At times, the construction or expansion of a mine may require land acquisition and, in some cases, resettlement of local communities. This can entail the physical displacement of people and a disruption of their livelihoods.
Barrick seeks to avoid resettlement whenever we can by exploring alternative project designs.
At Barrick we recognize that poorly planned and managed land acquisition, including physical resettlement and economic displacement, can adversely impact communities and our relationships with them. When resettlement cannot be avoided, Barrick’s community relations teams work together with affected households, communities and host governments to manage resettlement in a manner consistent with local laws and international best practice. Effectively managing the impacts and risks where displacement is unavoidable will limit negative outcomes, ensure we respect human rights, and support our license to operate.
Our approach to resettlement is managed by our Community Relations Management System (CRMS) and Community Relations Standard. Barrick has also developed a guidance note for sites contemplating resettlement to help them align with best practice.
When faced with resettlement, sites are required to develop a Resettlement Action Plan (RAP). RAPs are developed with input from the affected communities and local authorities. A comprehensive RAP includes an entitlement framework, comprehensive compensation standards, livelihoods development programs, and ongoing monitoring and evaluation. These activities, complemented by continuous engagement, help us to deliver on our commitment to improve or, at least, restore the livelihoods and living standards of displaced families and communities.
In 2015, Barrick did not engage in any resettlement activities.
Relocation programs have been a constant element at the Porgera Joint Venture (PJV) since the mine began operations, in order to ensure households are safely relocated away from the active mine area.
During the early stage of the mine’s life, landowners preferred moving close to or, where possible, within their existing customary land. Since commencing operations, the Special Mining Lease (SML) has experienced significant in-migration and population growth, to the point where a relocation approach that enables continued occupation on the SML is no longer feasible.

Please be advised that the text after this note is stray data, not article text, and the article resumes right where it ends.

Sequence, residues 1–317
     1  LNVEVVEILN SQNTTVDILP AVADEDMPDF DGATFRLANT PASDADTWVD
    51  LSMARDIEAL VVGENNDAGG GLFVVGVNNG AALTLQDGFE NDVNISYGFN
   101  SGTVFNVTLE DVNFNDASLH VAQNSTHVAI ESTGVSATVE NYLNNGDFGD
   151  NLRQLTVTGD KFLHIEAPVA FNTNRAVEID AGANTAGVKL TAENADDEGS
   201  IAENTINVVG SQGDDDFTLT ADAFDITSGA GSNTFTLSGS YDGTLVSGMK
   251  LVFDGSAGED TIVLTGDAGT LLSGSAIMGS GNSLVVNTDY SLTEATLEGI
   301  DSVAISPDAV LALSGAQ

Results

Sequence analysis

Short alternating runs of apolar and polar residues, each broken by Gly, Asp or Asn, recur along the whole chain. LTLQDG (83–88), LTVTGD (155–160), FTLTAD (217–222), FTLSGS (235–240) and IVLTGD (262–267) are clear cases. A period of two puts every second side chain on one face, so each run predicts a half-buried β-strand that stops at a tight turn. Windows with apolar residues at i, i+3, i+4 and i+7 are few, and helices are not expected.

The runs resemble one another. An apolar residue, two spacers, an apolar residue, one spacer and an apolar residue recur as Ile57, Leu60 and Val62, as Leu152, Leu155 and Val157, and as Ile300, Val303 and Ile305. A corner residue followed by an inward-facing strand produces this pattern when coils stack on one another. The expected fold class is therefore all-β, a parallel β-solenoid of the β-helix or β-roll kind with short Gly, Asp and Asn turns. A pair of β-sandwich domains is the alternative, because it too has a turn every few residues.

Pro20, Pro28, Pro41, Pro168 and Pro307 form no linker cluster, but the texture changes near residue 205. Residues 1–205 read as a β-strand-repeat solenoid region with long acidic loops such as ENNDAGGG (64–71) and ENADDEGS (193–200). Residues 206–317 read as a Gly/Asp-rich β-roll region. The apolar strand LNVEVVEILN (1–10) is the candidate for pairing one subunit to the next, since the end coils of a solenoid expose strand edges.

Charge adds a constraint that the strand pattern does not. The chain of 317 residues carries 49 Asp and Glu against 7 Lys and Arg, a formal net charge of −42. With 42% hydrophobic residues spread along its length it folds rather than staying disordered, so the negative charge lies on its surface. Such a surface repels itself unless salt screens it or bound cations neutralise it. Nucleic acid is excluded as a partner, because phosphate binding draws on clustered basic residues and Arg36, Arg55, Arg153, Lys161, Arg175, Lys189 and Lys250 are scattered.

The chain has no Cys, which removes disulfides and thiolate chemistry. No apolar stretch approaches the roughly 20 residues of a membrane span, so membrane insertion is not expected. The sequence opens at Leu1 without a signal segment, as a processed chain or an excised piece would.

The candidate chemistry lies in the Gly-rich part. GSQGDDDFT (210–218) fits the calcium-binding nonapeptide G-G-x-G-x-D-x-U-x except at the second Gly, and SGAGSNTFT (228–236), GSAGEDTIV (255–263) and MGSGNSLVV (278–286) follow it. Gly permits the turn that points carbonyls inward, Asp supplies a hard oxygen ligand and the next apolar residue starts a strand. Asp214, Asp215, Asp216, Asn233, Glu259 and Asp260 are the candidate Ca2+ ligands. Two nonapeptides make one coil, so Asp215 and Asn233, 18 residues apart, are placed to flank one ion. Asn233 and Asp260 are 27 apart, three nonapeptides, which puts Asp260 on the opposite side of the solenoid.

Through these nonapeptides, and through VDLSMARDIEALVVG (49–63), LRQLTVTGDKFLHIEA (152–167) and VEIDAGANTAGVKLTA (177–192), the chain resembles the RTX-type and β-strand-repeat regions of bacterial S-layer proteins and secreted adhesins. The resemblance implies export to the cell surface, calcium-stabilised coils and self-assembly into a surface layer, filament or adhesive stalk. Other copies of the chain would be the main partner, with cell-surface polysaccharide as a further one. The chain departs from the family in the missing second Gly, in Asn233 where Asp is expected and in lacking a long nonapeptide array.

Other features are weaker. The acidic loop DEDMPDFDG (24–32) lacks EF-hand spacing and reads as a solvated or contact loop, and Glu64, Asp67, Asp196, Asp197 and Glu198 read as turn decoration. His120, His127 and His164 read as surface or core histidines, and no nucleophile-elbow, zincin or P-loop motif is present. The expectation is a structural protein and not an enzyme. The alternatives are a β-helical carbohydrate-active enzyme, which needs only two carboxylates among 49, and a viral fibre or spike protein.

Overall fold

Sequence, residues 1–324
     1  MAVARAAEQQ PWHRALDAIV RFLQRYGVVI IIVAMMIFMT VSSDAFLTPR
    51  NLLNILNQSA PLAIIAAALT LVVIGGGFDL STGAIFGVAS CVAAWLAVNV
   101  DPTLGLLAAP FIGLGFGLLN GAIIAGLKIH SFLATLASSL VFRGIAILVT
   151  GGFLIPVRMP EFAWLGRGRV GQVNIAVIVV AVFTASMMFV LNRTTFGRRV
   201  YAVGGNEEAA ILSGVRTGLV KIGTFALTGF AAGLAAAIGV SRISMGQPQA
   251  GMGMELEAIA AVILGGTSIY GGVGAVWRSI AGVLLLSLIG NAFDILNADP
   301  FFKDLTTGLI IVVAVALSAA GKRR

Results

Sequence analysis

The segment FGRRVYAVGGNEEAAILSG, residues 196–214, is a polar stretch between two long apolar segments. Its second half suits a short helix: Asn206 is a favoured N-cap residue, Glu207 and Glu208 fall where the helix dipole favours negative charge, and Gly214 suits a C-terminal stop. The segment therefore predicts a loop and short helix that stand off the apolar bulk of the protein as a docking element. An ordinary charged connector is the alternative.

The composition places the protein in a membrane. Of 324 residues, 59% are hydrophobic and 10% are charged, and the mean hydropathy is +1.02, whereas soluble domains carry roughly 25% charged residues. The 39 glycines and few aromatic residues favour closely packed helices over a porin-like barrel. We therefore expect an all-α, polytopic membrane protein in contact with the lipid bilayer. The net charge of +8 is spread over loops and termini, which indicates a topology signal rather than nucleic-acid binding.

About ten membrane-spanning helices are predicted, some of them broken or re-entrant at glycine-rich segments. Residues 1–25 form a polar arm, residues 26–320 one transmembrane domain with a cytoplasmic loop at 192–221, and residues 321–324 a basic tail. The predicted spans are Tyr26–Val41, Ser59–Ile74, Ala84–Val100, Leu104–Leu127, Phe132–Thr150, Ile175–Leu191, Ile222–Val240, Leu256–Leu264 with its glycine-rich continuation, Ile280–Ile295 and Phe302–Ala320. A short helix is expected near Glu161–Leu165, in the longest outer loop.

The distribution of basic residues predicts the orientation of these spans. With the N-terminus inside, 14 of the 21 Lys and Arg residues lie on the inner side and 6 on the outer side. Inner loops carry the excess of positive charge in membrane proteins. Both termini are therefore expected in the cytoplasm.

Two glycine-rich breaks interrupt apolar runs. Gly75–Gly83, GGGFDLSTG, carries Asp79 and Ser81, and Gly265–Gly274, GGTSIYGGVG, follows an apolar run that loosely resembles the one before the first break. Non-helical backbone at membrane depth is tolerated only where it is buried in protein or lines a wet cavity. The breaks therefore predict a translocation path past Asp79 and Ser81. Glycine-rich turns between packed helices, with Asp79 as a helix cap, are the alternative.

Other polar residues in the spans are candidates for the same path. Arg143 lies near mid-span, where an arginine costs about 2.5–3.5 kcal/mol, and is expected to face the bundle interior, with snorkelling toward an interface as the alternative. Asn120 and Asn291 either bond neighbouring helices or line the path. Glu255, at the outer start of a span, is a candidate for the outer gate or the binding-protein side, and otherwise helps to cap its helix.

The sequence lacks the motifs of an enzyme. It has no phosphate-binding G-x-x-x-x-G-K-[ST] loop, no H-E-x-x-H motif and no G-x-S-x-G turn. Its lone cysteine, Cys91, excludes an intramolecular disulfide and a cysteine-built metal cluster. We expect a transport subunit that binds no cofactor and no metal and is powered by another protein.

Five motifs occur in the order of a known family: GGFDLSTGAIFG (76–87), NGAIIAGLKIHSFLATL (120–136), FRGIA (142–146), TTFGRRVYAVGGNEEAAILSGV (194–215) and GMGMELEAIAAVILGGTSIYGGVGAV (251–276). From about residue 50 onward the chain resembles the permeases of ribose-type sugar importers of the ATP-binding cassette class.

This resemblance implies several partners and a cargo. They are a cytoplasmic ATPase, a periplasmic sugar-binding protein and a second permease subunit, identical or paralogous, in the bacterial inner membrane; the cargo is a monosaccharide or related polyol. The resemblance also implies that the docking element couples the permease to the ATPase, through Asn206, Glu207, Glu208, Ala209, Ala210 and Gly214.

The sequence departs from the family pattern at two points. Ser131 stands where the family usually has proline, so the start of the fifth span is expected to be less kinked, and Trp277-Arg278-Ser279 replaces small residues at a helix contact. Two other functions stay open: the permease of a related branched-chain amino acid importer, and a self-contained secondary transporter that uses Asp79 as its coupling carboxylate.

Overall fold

In 2012-13 the company undertook a comprehensive strategic review of relocation activities, with the aim of assessing whether to develop an alternative and improved process. The review was undertaken over an 18-month period and involved engagement with various local landowners and other stakeholders, and consideration of international practices and standards with respect to relocation.
The key recommendation of the review was to pilot an “off SML Resettlement” framework at Porgera. The essential difference in the two approaches (relocation versus resettlement) will involve moving from a “relocation” compensation based process to a ”livelihood” resettlement framework, which aims to facilitate improved social and economic outcomes for relocated households and, in doing so, significantly reduce the likelihood of landowners gradually moving back to the SML, which has been a significant issue under more recent relocation programs at the mine. (Further details on the differences between relocation and resettlement are below).
The term “pilot” is important in contextualizing this recommendation, as a number of significant challenges were identified that may impede the project’s successful implementation. Hence, the review recommends against attempting full-scale SML resettlement until such time as a pilot process of engagement, planning and implementation can be undertaken to determine and test the likelihood of successful resettlement.
The implementation of a resettlement project requires extensive consultation with a range of stakeholders, and in particular the landowners and PNG Government. As the pilot project is to proceed on the basis of a resettlement project incorporating both physical relocation and livelihood restoration, various issues and challenges will need to be collaboratively discussed with landowners and the PNG Government. Resettlement Committees established at the national, local and community levels will ensure consistent, transparent and broad dialogue throughout the development and implementation of the project.
In recognition of the various challenges and the need for extensive engagement with and support from various stakeholders, the Centre for Social Responsibility in Mining (CSRM) recently completed an independent assessment of the resettlement framework evaluating its overall “do-ability” and “suitability” for use in the Porgera context.
The assessment report provided a detailed overview of the history of relocation at Porgera, the challenges of relocation and an opinion on the pilot resettlement framework’s “do-ability” and “suitability”. The report concluded by highlighting 11 opinions on important matters for the key stakeholders to consider during the development and implementation of a resettlement approach.
A second phase of the CSRM work involves the establishment of an Independent Observer Panel, consisting of three persons, including a resettlement subject matter expert, an extractive industry professional and a Senior PNG National. The observers are to play an important role in:
In light of the preceding, PJV’s commitment to resettlement must be expressed in terms of a joint Government, Landowner and PJV commitment to resettlement. Such a commitment will be formalized in agreements that outline the specific roles and responsibilities of all parties as well as core principles of what is being agreed and mutually supported.
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